How about a spinning capacitor? Two plates, separated by a dielectric and charged to a high voltage. Does that just radiate an oscillating electric field and no magnetic field?

Quote
So, if you want to prove that your spinning magnet radiates, you'll need to show that it produces orthogonal E and B components that oscillate in phase. Otherwise, the great John Henry Poynting may start spinning in his grave.
I think Tim answered that.
^

And what you'll find is, the components are not quite 90 degrees, so that the radiation field mostly cancels out at a distance -- but not entirely, and there will be some residual.

Tim

Or perhaps CD4007UB thinks the movement of charged particles are necessary to generate electromagnetic waves? Well yes that's true, because charged particles are responsible for the magnetic field in the first place.
https://en.wikipedia.org/wiki/Magnetic_moment#Examples_of_magnetic_moments

If you put your hand in water and swish it around you are only moving water molecules around. You are creating waves, but nothing new.  Just waves in the water.  Your hand is analogous to the magnet in this case.  It's fields 'stir' the stuff around it.  I think that is what he is saying.
Yes, isn't the rotating magnetic field generated by the spinning magnet stir/wave up space, making the photon waves?
I mean isn't varying the electric charge in an antenna, back and forth creating the same effect?
Or, must we flip the polarity of the magnet without motion, say by magic, to replicate the way an areal generates the EM field?
Yes, and if the antenna is a loop antenna, it will have a strong near H-field and will be very similar to the spinning magnet.
 
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Offline T3sl4co1l

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Re: Will spinning a magnet at 6000rpm create a 100hz radio broadcast wave?
« Reply #81 on: September 05, 2017, 08:19:53 am »
If the loop antenna has a magnetic material inside, emits the same strength field and has similar dimensions to the spinning magnet, then the two will be virtually indistinguishable.

If the antenna is a rod, then it will be easier to tell the difference, between a spinning magnet and antenna, behind a brick wall, but only if you're close enough. If your many wavelengths away, then it will be virtually impossible.

Indeed, one can always construct a static equivalent that works out the same.  Give or take mechanical tolerances, because that's always a challenge, but designing, say, an intersecting pair of magnetic solenoids or loops, to recreate the field (B and E within so-and-so tolerance, beyond a modest super-near-field distance*) from a spinning magnet, isn't at all impossible.

*Corresponding to a multiple of the wire diameter, or winding pitch, or solenoid diameter, say.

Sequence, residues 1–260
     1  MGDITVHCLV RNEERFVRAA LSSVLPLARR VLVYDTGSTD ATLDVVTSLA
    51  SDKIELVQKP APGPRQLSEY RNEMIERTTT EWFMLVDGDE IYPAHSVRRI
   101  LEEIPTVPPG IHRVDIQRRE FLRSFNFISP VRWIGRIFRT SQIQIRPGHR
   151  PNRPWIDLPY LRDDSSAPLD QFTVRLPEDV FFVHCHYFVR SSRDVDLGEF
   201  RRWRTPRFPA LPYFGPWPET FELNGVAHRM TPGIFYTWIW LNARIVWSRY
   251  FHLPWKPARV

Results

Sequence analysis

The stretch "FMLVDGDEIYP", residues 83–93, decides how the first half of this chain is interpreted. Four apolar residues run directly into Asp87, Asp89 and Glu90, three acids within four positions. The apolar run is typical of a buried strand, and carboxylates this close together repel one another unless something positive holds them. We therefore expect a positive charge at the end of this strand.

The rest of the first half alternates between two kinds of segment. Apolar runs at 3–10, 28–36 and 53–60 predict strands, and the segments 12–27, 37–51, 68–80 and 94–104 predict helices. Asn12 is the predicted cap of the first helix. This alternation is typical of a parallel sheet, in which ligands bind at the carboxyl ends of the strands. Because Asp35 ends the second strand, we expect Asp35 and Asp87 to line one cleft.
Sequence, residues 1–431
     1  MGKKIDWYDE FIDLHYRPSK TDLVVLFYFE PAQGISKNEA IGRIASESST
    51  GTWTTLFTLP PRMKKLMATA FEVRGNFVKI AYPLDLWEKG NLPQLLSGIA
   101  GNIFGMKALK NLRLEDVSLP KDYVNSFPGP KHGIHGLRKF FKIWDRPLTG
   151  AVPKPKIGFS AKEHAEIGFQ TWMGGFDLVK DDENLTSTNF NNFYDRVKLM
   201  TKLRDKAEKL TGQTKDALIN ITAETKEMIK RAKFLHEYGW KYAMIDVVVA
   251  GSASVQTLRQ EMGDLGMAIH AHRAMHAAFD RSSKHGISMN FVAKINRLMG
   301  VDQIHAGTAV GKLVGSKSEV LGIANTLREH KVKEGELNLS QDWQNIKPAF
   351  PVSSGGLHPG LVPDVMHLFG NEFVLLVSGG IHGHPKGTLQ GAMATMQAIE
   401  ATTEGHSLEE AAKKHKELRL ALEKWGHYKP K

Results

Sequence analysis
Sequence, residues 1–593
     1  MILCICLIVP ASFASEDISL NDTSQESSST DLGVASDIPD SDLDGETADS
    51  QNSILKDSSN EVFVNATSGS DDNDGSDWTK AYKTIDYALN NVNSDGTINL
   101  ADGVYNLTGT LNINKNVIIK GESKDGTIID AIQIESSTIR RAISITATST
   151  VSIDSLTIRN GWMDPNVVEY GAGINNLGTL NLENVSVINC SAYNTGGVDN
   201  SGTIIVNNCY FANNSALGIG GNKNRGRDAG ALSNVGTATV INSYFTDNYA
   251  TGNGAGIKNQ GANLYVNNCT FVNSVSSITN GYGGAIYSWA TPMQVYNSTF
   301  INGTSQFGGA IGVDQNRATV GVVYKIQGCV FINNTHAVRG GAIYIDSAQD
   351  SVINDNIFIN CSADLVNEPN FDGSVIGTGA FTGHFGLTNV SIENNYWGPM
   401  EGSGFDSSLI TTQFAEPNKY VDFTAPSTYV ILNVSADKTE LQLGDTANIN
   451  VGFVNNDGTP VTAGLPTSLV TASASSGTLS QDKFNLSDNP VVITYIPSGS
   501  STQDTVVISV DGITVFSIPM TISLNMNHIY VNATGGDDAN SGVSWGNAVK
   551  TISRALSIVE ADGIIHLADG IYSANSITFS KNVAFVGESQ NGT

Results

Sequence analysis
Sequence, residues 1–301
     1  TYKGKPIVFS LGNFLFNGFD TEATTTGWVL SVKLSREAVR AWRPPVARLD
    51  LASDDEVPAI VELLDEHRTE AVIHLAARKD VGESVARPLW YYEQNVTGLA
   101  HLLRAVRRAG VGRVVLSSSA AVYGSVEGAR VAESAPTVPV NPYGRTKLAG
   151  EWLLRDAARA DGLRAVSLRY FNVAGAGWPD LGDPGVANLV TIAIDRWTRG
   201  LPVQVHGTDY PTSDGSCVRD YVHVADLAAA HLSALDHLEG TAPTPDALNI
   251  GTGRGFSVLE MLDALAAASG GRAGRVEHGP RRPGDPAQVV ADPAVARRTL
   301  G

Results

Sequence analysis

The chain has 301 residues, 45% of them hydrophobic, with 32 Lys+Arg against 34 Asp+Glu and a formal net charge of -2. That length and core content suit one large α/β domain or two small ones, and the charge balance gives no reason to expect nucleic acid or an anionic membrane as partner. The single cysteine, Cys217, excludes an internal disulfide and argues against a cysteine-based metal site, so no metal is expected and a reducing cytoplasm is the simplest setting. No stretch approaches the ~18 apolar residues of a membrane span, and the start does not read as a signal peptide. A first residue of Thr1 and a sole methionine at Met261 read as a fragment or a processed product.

Quote
How about a spinning capacitor? Two plates, separated by a dielectric and charged to a high voltage. Does that just radiate an oscillating electric field and no magnetic field?

For a really pathological case, what about a capacitor with a coil wrapped around it, such that the field lines happen to be perpendicular, yet both fields are "near field" as such? ;D

There are a number of "woo" antenna designs out there, which try to use this gimmick; unfortunately for them, it's still not possible to violate the bandwidth-gain-size law.

Tim
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Offline MrW0lf

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Re: Will spinning a magnet at 6000rpm create a 100hz radio broadcast wave?
« Reply #82 on: September 05, 2017, 08:37:48 am »
Put another way, the observer observes a magnetic field depending on the relative motion with the charged object. It's all about the observer, not about the charged object.

Aha, so charged object has only information around it, about being charged. And observer invests energy into creating disturbance that makes sense from his viewpoint? Otherwise charged objects field would have to contain all energy and orientation info for all possible observers.

Much like say volume of air with little rockets in it. Each rocket invests energy into creating shockwave in relation to still air.

Edit: Note that there is hierarchy in this situation. Suppose freeze all observers still. There is no way for charged object to move so it could mimic original situation when it's stationary instead and observers move (all in different directions!)
« Last Edit: September 05, 2017, 10:56:34 am by MrW0lf »
 

Offline MrW0lf

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Re: Will spinning a magnet at 6000rpm create a 100hz radio broadcast wave?
« Reply #83 on: September 05, 2017, 07:27:03 pm »
and the textbooks seem to agree

...but Feynman does not:
http://www.applet-magic.com/feynmanEM.htm
"There is evidently some trouble here, since we have inherited a prejudice that an accelerating charge should radiate, whereas we do not expect a charge lying in a gravitational field to radiate. "

 

Offline Red Squirrel

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Re: Will spinning a magnet at 6000rpm create a 100hz radio broadcast wave?
« Reply #84 on: September 06, 2017, 12:50:24 am »
then all you need to do is put the energy from the coil and place it into a motor that will spin the magnet. b00m, problem solved. take that facts and actuality.

kappa

You can do "/s" or an emote, instead of a Twitch meme.

Or you can use the classic memes,



Problem? ;D

Tim

If you were to drop the magnet in front of the car and the magnet has better grip, then the car would be attracted to it.  So you just need to pick it up and drop it a little bit ahead and repeat this very fast and this would work!  >:D
 

Offline StillTrying